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Historian   Listen
noun
Historian  n.  
1.
A writer of history; a chronicler; an annalist. "Even the historian takes great liberties with facts."
2.
One versed or well informed in history. "Great captains should be good historians."






Collaborative International Dictionary of English 0.48








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"Historian" Quotes from Famous Books



... The national historian has said: "In proportion as he lost the support of the public, Napoleon took pleasure in thinking that it was the lack of a future and not his own misdeeds that threatened his proud throne with premature fragility. The desire to make firm what he felt trembling beneath his feet, became his dominant ...
— The Happy Days of the Empress Marie Louise • Imbert De Saint-Amand

... Each chamber revealed a new chamber secreted with art, or ostentatiously displayed; the gold and silver, the various wardrobes and precious furniture, surpassed (says Abulfeda) the estimate of fancy or numbers, and another historian defines the untold and almost infinite mass by the fabulous computation of thousands of thousands of pieces of gold."—Gibbon's ...
— The Arabian Nights Entertainments • Anonymous

... never dreamed of before. Old men among us have seen in their own generation the rise of the first rational science of the evolution of life. The astronomer and the chemist, the psychologist and the historian, and all their brethren in many different fields of wide endeavor, work with a training and knowledge and method which are in effect instruments of precision, differentiating their labors from the labors of their predecessors as the rifle ...
— African and European Addresses • Theodore Roosevelt

... allowed to speak; but it may be permitted me to observe, that the fine arts afford the only mode of exerting the talents of woman, which does not violate the spirit of the precept which the greatest historian of antiquity has ascribed to the greatest of ...
— Account of a Tour in Normandy, Vol. I. (of 2) • Dawson Turner

... took no part in military or political matters; nor is there any instance in the later ages of Greece of a woman becoming famous in literature. 'Hers is the greatest glory who has the least renown among men,' is the historian's conception of feminine excellence. A very different ideal of womanhood is held up by Plato to the world; she is to be the companion of the man, and to share with him in the toils of war and in the cares of government. She is to be similarly ...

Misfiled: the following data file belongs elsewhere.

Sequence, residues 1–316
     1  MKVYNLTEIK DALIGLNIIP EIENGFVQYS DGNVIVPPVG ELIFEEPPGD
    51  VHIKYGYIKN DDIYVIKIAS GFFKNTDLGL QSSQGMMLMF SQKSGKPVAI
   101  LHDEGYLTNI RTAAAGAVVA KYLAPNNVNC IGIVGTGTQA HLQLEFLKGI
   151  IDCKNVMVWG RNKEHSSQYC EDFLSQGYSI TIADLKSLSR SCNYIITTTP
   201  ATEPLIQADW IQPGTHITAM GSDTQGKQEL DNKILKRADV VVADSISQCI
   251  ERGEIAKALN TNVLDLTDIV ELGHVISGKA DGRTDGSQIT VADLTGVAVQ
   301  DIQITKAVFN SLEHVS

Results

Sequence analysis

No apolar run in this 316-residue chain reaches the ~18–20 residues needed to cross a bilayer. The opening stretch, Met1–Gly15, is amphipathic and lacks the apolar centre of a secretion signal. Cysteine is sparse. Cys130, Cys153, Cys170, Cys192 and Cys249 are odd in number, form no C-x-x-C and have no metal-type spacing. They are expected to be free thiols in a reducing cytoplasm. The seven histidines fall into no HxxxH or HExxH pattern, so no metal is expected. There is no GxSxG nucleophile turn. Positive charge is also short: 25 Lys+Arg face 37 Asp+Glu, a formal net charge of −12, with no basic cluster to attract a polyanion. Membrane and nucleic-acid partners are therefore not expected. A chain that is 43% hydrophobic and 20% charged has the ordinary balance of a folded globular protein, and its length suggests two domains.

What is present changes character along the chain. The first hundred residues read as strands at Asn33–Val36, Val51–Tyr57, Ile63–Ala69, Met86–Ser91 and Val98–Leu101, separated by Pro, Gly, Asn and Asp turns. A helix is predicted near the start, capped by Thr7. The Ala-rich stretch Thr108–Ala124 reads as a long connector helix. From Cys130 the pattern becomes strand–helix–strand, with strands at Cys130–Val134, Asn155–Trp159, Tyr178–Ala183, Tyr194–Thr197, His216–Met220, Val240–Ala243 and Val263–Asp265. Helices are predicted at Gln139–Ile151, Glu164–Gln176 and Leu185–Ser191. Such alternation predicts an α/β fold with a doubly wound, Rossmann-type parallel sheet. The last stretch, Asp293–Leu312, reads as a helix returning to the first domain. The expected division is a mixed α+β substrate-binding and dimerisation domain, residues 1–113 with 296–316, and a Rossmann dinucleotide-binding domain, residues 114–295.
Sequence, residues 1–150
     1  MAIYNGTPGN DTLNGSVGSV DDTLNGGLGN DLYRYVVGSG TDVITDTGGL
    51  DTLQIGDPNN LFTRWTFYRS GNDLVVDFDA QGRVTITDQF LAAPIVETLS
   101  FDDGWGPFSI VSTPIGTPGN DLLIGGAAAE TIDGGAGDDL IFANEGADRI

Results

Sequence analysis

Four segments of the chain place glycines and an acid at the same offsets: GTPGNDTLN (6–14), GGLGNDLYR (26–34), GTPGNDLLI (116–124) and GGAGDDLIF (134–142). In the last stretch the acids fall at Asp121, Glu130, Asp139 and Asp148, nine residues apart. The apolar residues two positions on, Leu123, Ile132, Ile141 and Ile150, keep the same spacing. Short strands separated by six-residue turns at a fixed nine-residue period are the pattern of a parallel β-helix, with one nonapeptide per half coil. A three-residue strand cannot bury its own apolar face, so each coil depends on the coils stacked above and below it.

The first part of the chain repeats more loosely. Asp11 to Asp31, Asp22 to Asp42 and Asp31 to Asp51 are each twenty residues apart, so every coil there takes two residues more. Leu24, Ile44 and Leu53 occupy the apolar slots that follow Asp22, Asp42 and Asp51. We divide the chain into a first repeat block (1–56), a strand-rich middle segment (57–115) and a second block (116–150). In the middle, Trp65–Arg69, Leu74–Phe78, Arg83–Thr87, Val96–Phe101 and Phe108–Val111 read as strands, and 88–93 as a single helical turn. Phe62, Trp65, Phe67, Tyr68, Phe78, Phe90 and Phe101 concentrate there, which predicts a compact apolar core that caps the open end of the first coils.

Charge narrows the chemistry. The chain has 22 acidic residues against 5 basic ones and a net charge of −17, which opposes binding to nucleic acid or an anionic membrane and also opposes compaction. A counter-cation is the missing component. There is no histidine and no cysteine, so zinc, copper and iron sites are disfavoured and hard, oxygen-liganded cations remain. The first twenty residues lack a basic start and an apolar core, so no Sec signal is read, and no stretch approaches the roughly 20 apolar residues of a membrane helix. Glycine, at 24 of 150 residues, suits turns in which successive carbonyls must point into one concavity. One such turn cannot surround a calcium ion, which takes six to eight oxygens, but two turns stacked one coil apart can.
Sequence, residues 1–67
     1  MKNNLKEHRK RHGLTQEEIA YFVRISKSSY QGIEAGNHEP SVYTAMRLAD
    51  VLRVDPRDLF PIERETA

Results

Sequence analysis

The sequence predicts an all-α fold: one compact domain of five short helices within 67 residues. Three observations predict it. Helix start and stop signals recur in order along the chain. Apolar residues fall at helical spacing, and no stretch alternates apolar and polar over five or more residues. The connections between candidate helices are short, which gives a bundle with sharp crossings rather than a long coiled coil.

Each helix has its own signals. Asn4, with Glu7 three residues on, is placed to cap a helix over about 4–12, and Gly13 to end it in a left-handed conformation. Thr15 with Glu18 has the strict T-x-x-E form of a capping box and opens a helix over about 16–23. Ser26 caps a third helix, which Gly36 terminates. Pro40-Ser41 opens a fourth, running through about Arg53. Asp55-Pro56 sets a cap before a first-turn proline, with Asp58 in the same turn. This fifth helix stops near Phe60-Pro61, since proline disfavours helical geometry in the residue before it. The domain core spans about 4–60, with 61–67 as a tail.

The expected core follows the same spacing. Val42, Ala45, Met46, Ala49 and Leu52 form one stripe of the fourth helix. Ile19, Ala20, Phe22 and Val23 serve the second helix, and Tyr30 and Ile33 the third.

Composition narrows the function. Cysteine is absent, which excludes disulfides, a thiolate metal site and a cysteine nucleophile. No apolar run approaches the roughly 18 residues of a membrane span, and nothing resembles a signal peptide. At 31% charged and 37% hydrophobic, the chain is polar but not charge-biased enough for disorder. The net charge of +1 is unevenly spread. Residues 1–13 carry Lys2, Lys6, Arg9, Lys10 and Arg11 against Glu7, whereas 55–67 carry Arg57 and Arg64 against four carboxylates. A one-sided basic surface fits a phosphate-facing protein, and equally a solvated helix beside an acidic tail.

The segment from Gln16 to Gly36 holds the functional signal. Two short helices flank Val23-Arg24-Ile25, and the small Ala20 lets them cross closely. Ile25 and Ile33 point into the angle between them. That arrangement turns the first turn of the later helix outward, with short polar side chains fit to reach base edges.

— The Republic • Plato

... and devoured. This "idealism" is in truth a system of immaterial physics, like that of Pythagoras or Heraclitus. While it works with fantastic and shifting categories, which no plain naturalist would care to use, it has nothing to apply those categories to except what the naturalist or historian may already have discovered and expressed in the categories of common prose. German idealism is a translation of physical evolution into mythical language, which presents the facts now in the guise ...
— The Life of Reason • George Santayana

... accomplished in Hittitology, I don't know what the devil you're talking about. Everything I know about the Hittite Empire is published and available to anybody. Hittitology's like Egyptology; it's stopped being research and archaeology and become scholarship and history. And I'm not a scholar or a historian; I'm a pick-and-shovel field archaeologist—a highly skilled and specialized grave-robber and junk-picker—and there's more pick-and-shovel work on this planet than I could do in a hundred lifetimes. This is something new; I was a fool ...
— Omnilingual • H. Beam Piper

... to Peru, becoming its Inca, and driving out the Spaniards, that he actually fitted out an expedition with that intent. How he fared and what ultimately became of him it may perhaps be the privilege of the present historian some day ...
— Two Gallant Sons of Devon - A Tale of the Days of Queen Bess • Harry Collingwood

... brought over by James IV or V to instruct the Scots in the manufacture of sword blades. Most barbarous nations excel in the fabrication of arms; and the Scots had attained great proficiency in forging swords, so early as the field of Pinkie; at which period the historian Patten describes them as 'all notably broad and thin, universally made to slice, and of such exceeding good temper, that as I never saw any so good, so I think it hard to devise better.' ACCOUNT OF ...
— Waverley • Sir Walter Scott

... little wanting in what the French would call "actuality." It leaves out of sight the most endearing, because the most human, trait of the baronetage—its pecuniary origin. On this point let us hear the historian Hume—"The title of Baronet was sold and two hundred patents of that species of knighthood were disposed of for so many thousand pounds." This was truly epoch-making. It was one of those "actions of the just" ...
— Collections and Recollections • George William Erskine Russell

... become an inventor or he may become a playwright or an author. The boy who is interested in plants and flowers may become a botanist or a naturalist, or, perhaps, even a poet. The boy who is deeply interested in battles and fighting may be far better adapted to the profession of historian than to the trade of soldier. The boy who likes to build houses and factories in his play, and seems to be deeply interested in the construction of edifices, may not be fitted to become a contractor or a draughtsman. If he is of this intellectual type, he is far more likely to become an architect, ...